The issue of scope of application was discussed in the first and third sessions. The Austrian proposal was to the following effect:
" this Protocol shall apply in all circumstances including armed conflict and times of peace " . [69 ]
Seven States indicated their preference for the Protocol to be applicable " in all circumstances " and three preferred it to apply to international and non-international armed conflicts. China proposed that the scope of application be the same as that agreed to in the context of amended Protocol II, which was expected to be non-international armed conflicts as defined in common Article 3 of the Geneva Conventions. Agreement was reached on this basis and recorded in the report of Main Committee III to the plenary. [70 ]
The only reason why this scope of application is not specified in Protocol IV is because negotiations on the landmines Protocol broke down in Vienna (for reasons other than the scope Article); as the final wording was not adopted for Protocol II, it was not possible to include it in Protocol IV. However, it was felt worthwhile by all in Vienna to adopt Protocol IV, and a number of delegations thought that the issue of a scope Article could be taken up again if necessary at a subsequent review conference.
A confirmation of the intention of the Vienna Conference is to be found in a resolution adopted by the 26th International Conference of the Red Cross and Red Crescent, which:
" welcomes the general agreement achieved at the Review Conference that the scope of application of this Protocol should cover not only international armed conflicts " . [71 ]
A stronger indication of the intention never to use the weapon is to be found in the Final Declaration of the Review Conference, [72 ] in which the High Contracting Parties of the 1980 Convention:
" solemnly declare ... their recognition of the need for achieving the total prohibition of blinding laser weapons, the use and transfer of which are prohibited in Protocol IV " .
The prohibited weapon
This is a revised version of what was originally Article 2 of the Chairman's text. The final version was heavily influenced by the wording of the new United States Department of Defense policy, i.e. the prohibition of the employment of " laser weapons specifically designed to cause permanent blindness to unenhanced vision " ; a proposal to this effect was included in the working paper submitted by the USA. [73 ]
Many delegations were of the opinion that this proposal was not sufficiently clear. First of all it was felt that " unenhanced vision " needed explanation. The wording adopted, namely " to the naked eye or to the eye with corrective eyesight devices " , was proposed by the US delegation, which also explained that " corrective eyesight devices " meant prescription glasses or contact lenses. The delegation also explained that the term " unenhanced vision " was included in order to exclude systems used for countering optical systems. However, as several new laser systems appeared to have a dual use (namely, use against optical systems and against eyesight), the term " specifically designed " was clearly of critical importance for the meaning of this provision. It is not surprising, therefore, that much discuss ion centred on this issue.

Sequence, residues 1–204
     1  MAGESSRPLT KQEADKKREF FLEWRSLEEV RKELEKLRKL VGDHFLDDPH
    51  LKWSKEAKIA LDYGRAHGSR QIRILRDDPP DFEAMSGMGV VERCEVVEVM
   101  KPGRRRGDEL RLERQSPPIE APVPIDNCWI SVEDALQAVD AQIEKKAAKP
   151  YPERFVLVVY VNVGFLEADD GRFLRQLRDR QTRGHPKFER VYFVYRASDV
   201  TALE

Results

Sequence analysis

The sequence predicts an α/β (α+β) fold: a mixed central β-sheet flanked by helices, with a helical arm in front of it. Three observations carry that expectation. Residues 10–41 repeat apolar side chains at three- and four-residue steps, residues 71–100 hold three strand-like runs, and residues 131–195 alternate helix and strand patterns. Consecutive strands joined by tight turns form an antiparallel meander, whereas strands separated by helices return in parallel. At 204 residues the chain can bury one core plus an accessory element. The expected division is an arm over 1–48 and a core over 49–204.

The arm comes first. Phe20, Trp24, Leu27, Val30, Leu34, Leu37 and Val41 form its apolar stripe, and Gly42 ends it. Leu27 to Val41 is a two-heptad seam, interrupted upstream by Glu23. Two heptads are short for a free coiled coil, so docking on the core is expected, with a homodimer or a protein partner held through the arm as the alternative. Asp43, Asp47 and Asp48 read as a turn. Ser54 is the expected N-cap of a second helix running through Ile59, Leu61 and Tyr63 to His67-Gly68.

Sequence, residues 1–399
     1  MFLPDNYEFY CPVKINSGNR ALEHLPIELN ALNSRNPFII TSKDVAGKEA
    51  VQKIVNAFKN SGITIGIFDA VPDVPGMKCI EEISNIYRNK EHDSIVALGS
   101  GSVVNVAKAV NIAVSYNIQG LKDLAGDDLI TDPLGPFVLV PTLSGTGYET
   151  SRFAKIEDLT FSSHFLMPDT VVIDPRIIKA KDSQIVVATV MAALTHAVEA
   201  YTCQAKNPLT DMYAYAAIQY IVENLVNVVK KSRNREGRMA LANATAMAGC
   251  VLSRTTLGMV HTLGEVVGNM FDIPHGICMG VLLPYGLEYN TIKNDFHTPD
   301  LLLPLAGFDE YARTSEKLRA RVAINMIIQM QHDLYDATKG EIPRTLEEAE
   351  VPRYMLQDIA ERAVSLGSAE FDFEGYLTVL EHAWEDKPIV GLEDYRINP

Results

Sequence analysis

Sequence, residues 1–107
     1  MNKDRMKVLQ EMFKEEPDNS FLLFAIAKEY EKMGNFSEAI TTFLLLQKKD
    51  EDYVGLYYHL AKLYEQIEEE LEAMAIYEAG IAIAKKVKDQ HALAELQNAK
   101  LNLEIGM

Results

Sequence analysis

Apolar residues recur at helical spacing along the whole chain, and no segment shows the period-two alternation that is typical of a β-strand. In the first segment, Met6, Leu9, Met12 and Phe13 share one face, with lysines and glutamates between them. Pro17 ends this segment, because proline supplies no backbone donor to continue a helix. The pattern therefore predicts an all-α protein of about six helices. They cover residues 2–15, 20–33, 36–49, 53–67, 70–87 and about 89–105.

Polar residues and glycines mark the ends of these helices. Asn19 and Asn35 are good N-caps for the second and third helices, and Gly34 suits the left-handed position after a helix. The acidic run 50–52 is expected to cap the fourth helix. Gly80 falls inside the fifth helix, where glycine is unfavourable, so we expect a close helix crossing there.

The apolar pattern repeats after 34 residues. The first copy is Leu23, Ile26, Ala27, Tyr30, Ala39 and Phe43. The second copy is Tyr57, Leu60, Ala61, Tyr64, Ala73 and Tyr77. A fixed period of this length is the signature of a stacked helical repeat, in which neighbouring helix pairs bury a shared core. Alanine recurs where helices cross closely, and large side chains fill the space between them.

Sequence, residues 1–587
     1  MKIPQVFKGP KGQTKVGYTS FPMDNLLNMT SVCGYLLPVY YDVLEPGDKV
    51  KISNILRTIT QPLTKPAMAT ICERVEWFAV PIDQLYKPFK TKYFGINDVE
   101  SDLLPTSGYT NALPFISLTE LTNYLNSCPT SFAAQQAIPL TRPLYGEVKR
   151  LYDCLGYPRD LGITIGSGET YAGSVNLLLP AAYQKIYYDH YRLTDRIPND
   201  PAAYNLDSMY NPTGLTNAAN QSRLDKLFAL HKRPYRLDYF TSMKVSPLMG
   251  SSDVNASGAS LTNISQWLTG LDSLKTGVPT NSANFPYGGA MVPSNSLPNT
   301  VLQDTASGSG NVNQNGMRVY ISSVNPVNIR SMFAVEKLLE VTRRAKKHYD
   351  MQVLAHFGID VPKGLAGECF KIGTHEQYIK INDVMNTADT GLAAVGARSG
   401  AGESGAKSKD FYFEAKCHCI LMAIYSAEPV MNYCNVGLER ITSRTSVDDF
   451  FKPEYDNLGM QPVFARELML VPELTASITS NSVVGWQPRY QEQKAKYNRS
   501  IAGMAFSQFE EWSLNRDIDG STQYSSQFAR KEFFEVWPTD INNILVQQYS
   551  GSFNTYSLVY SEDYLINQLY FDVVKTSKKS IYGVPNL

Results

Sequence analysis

The United States delegation stated several times that specifically would cover the situation where only one of the functions of the laser was to blind persons. However, the delegation of France understood the word to mean exclusively, whereas the UK delegation indicated that it preferred the use of the word primarily, which was the wording in the Chairman's text. The delegate of the ICRC strongly argued that a prohibition of a weapon should not depend on an ambiguous word that was also likely to lead to difficulties in translation. The ICRC therefore urged the delegates to spell out in the provision the meaning that the US delegation attributed to the word " specifically " , thus removing all doubt. After consultations with both capitals and between interested States, this was agreed to by the final session on 5 October 1995. All delegates were of the opinion that this was the best definition of the prohibited weapon that could be achieved in the time allotted and no one suggested describing the technical characteristics of such a weapon. [74 ]
Production and transfer
The prohibition of production was already included in square brackets in the Chairman's text and the prohibition of transfer was first introduced in the Austrian proposal. [75 ]